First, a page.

El Chapo's former mistress testifies against him

She said that once, while they were having dinner in 2012, Guzmán told her that anyone who betrayed him would die

El Chapo's former mistress testifies against him
Lucero Sánchez López, the former mistress - Photo: Rashide Frías/EL UNIVERSAL
English 20/01/2019 12:32 Reuters New York Brendan Pierson, Daina Beth Solomon Actualizada 12:32
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A former mistress of Mexican drug lord Joaquín “El Chapo” Guzmán told jurors during his U.S. trial that she was “traumatized” after a harrowing 2014 escape from one of his safe houses with Mexican marines in hot pursuit.

Lucero Sánchez López, a onetime local lawmaker in Guzmán’s home state of Sinaloa, gave an emotional account of her relationship with Guzmán, saying she feared for her safety.

“I didn’t want for him to mistrust me because I thought he could also hurt me,” Lucero Sánchez López, 29, testified. “I was confused about my own feelings over him. Sometimes I loved him and sometimes I didn’t.”

She said that once, while the two were having dinner in 2012, Guzmán told her that anyone who betrayed him would die.

Guzmán, 61, who was extradited to the United States in 2017, has been on trial since November on charges of trafficking cocaine, heroin and other drugs into the country as leader of the Sinaloa Cartel.

The testimony by Sánchez López is the first by someone with whom Guzmán had a romantic relationship. Other cooperating witnesses have been business associates, mainly other drug traffickers.

Sánchez served in Sinaloa’s state Congress from 2013 to 2016, when she was investigated for having filed false documents to visit Guzmán in jail in 2014.

Sánchez was arrested in June 2017 on U.S. drug charges while trying to cross the U.S.-Mexico border. She pleaded guilty last October and is now cooperating with prosecutors.

She said her romantic relationship with Guzmán began in early 2011, and that she began working for him shortly afterwards, although he never paid her. She described how he sent her to Mexico’s “Golden Triangle”, a fertile drug-producing region that includes part of Sinaloa, to buy marijuana and send it back to him on planes.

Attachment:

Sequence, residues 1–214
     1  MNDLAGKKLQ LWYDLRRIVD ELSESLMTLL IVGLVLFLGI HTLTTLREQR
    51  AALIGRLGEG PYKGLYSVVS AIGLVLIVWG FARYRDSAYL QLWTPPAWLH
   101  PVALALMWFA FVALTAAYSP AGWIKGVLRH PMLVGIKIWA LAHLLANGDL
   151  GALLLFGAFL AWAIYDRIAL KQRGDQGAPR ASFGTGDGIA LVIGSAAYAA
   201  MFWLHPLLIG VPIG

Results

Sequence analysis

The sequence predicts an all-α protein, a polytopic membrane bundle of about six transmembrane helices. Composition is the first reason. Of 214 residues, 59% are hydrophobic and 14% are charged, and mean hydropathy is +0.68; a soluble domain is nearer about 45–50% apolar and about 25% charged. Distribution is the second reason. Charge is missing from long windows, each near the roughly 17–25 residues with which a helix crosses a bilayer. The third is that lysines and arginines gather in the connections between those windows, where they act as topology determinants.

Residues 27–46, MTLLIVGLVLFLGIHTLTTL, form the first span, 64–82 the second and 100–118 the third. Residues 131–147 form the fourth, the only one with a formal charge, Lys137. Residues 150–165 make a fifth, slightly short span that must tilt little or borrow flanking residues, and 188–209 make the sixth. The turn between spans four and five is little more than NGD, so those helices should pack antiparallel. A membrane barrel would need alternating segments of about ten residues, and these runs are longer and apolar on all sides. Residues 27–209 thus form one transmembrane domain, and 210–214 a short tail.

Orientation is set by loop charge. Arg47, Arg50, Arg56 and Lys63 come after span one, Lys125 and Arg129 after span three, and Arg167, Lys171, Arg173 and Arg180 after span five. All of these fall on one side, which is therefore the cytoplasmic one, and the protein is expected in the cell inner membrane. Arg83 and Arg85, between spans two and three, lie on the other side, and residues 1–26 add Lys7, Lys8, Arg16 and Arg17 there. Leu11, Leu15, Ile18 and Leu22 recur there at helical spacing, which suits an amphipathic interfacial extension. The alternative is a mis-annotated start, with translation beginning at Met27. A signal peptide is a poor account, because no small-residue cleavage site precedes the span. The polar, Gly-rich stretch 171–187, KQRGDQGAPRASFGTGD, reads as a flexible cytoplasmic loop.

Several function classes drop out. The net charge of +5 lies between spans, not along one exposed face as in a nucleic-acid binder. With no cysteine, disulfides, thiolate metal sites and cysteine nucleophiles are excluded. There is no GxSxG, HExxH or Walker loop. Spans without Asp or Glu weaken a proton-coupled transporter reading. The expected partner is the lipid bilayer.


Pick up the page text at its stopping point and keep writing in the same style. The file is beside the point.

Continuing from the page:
Sánchez said the relationship frayed in late 2012 but she continued to see Guzmán occasionally. She said she was with him in February 2014 when a team of Mexican marines stormed his safe house in Culiacán in the middle of the night.

Guzmán, she said, led her into the master bathroom, where the bathtub lifted to reveal wooden steps leading underground.

“It was very dark and I was very scared,” Sánchez said.

She said she followed Guzmán, who was completely naked, through a tunnel leading away from the house, feeling water against her legs. When a prosecutor asked her how long she was there, she guessed more than an hour: “enough to traumatize me.”

Sánchez’ testimony followed an account of the same escape from the perspective of a U.S Drug Enforcement Administration agent working with the marines who stormed the safe house.

Although Guzmán escaped from the house, the DEA’s Víctor Vázquez told jurors that he was captured several days later in a beachfront hotel in nearby Mazatlán.

Vázquez said knowledge of the 2014 capture operation was restricted to the team of marines, for fear of corruption among Mexican law enforcement.

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